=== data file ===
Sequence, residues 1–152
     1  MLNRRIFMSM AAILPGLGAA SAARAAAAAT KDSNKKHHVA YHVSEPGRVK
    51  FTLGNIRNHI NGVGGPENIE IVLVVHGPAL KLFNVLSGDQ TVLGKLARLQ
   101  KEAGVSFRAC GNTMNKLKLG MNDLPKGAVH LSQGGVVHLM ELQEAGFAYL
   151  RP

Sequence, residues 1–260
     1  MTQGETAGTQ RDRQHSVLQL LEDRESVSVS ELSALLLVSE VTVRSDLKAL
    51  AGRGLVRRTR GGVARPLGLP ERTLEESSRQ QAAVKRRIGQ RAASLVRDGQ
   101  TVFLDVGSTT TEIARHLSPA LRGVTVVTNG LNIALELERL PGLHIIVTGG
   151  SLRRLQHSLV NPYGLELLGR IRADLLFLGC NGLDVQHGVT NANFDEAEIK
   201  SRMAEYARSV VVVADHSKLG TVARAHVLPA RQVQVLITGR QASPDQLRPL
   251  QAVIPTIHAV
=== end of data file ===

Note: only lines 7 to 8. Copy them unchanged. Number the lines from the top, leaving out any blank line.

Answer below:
     1  MTQGETAGTQ RDRQHSVLQL LEDRESVSVS ELSALLLVSE VTVRSDLKAL
    51  AGRGLVRRTR GGVARPLGLP ERTLEESSRQ QAAVKRRIGQ RAASLVRDGQ